|84||Séjourné et al., "Development of a Bioactive Formulation of Vasoactive Intestinal Peptide in Sterically Stabilized Liposomes," Pharm. Res., 13(Suppl. 9):S-95 (1996).|
|85||Séjourné, F. et al., "Development of a Novel Bioactive Formulation of Vasoactive Intestinal Peptide in Sterically Stabilized Liposomes," Pharmaceutical Research, 14(3):362-365 (1997).|
|86||Séjourné, F. et al., "Mechanisms of vasodilation elicited by VIP in sterically stabilized liposomes in vivo," American Journal of Physiology, 273:R287-R292 (1997).|
|87||Shiraga, H. et al., "Inhibition of calmodulin-dependent myosin light-chain kinase by growth-hormone-releasing factor and vasoactive intestinal peptide," Biochem. J., 300:901-905 (1994).|
|88||Smiley, J.D., "Southwestern Internal Medicine Conference: The Many Faces of Scleroderma," American Journal Medical Sciences, 304:319-333 (1992).|
|89||Soloviev, A.I., et al., "Phospholipid Vesicles (Liposomes) Restore Endothelium-Dependent Cholinergic Relaxation in Thoracic Aorta from Spontaneously Hypertensive Rats," J. Hypertension, 11:623-627 (1993).|
|90||Sreedharan, S.P. et al., "Human Vasoactive Intestinal Peptide Receptors Expressed By Stable Transfectants Couple To Two Distinct Signaling Pathways," Biochemical Biophysical Research Communications, 203(1):141-148 (Aug., 1994).|
|91||Stallwood, D. et al., "Identity of a Membrane-bound Vasoactive Intestinal Peptide-binding Protein with Calmodulin," Journal of Biological Chemistry, 267(27):19617-19621 (Sep., 1992).|
|92||Suzuki, H. et al., "Encapsulation of VIP into Liposomes Restores Vasorelaxation in Hypertension in Situ," American Journal of Physiology, 271(Heart Circ. Physiol., 40):H282-H287 (1996).|
|93||Suzuki, H. et al., "Neutral Endopeptidase Modulates VIP-Induced Vasodilation in Hamster Cheek Pouch Vessels In Situ," Am. J. Physiol., 271(2 pt. 2):R393-397 (Aug., 1996).|
|94||Suzuki, H., et al., "Encapsulation of Vasoactive Intestinal Peptide into Liposomes: Effects on Vasodilation in Vivo," Life Sciences, 57(15):1451-1457 (1995).|
|95||Szucs, M., et al., "Lyophilization and Rehydration of Polymer-coated Lipid Vesicles Containing a Lipophilic Chelator in the Presence of Sucrose: Labeling with 99mTc and Biodistribution Studies," Nucl. Med. Biol.22(2):263-268 (1995).|
|96||Theriault, Y. et al., "Structural Determination of the Vasoactive Intestinal Peptide by Two-Dimensional H-NMR Spectroscopy," Biopolymers, 31:459-464 (1991).|
|97||Torchilin, V.P. et al. "Polymers on the Surface of Nanocarriers: Modulation of Carrier Properties and Biodistribution," Polymer Science, 36(11):1585-1598 (1994).|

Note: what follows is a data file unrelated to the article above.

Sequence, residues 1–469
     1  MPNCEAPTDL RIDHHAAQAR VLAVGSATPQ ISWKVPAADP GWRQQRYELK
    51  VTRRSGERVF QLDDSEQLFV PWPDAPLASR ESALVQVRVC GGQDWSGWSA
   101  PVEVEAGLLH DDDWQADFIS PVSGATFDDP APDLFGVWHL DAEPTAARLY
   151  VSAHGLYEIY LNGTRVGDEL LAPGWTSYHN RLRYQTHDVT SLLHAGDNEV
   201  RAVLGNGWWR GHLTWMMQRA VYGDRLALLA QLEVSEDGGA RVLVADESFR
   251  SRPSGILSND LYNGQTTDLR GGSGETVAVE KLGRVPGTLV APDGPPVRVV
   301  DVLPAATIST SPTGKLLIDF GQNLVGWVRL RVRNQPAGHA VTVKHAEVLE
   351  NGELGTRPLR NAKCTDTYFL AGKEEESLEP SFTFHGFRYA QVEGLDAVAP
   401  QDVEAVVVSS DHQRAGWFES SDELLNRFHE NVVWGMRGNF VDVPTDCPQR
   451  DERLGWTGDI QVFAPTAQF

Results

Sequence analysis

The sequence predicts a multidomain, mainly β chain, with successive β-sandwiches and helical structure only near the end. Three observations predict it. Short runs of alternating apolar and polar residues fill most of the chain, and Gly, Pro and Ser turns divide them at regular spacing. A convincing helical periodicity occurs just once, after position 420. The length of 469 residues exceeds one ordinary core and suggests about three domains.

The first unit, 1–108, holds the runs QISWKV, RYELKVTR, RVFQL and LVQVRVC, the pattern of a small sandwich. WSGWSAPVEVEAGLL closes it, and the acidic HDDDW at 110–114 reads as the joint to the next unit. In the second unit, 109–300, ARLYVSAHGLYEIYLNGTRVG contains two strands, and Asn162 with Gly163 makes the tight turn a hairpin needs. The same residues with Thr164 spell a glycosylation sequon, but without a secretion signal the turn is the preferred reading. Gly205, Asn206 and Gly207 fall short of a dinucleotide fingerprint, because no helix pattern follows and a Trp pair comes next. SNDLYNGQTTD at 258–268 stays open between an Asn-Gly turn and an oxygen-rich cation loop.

|98||Torchilin, V.P., "Polymer-coated long-circulating microparticulate pharmaceuticals," J. Microencapsulation, 15(1):1-19 (1998).|
|99||Trubetskoy, V. et al., "Micellar Solubilization of Poorly Soluble or Amphiphilic Substances Using Polyoxyethylene-Lipid Conjugates," Proceedings of International Symposium on Controlled Release Bioactive Materials, 22:452-453 (1995).|
|100||Trubetskoy, V.S. et al., "Polyethyleneglycol based micelles as carriers of therapeutic and diagnostic agents," S.T.P. Pharma Sciences, 6(1):79-86 (1996).|
|101||Trubetskoy, V.S. et al., "Stable Polymeric Micelles: Lymphangiographic Contrast Media for Gamma Scintigraphy and Magnetic Resonance Imaging," Acad. Radiol., 3:232-238 (1996).|
|102||Trubetskoy, V.S. et al., "Use of polyoxyethylene-lipid conjugates as long-circulating carriers for delivery of therapeutic and diagnostic agents," Advanced Drug Delivery Reviews, 16:311-320 (1995).|
|103||Watala, C., et al., "Melittin-Induced Alterations in Dynamic Properties of Human Red Blood Cell Membranes," Chem-Biol. Interactions, 82:135-149 (1992).|
|104||Weissig, V. et al., "A Micellar Delivery System For Dequalinium," Proceed. Int'l. Symp. Control. Rel. Bioact. Mater., 25:415-416 (1998).|
|105||Weissig, V. et al., "Accumulation of Protein-Loaded Long-Circulating Micelles and Liposomes in Subcutaneous Lewis Lung Carcinoma in Mice," Pharmaceutical Research, 15(10):1552-1556 (1998).|
|106||Weissig, V. et al., "Micellar Delivery System For Dequalinium-A Lipophilic Cationic Drug With Anticarcinoma Activity," Journal of Liposome Research, 8(3):391-400 (1998).|
|107||Woodle, M.C. et al., "Improved Long Circulating (Stealth®) Liposomes Using Synthetic Lipids," Proceed. Intern. Symp. Control. Rel. Bioact. Mater., 17:77-78 (1990).|
|108||Woodle, M.C. et al., "Prolonged Systemic Delivery of Peptide Drugs by Long-Circulating Liposomes: Illustration with Vasopressin in the Brattleboro Rat," Pharmaceutical Research, 9(2):260-265 (1992).|
|109||Woodle, M.C. et al., "Sterically stabilized liposomes," Biochimica et Biophysica Acta, 113:171-199 (1992).|
|110||Woodle, M.C. et al., "Versatility in Lipid Compositions Showing Prolonged Circulation with Sterically Stabilized Liposomes," Biochimica et Biophysica Acta, 1105:193-200 (1992).|
|111||Yokoyama, M. et al., "Preparation of adriamycin-conjugated poly(ethylene glycol)-poly (aspartic acid) block copolymer," Makromal Chem. Rapid Commun., 8:431-435 (1987).|
|112||Zareie, H.M. et al., "STM images of PDLLA-PEG copolymer micelles," Colloids and Surfaces A: Physiochemical and Engineering Aspects, 112:19-24 (1996).|
|113||Zia, H. et al., "Breast Cancer Growth Is Inhibited by Vasoactive Intestinal Peptide (VIP) Hybrid, a Synthetic VIP Receptor Antagonist," Cancer Research, 56:3486-3489 (Aug., 1996).|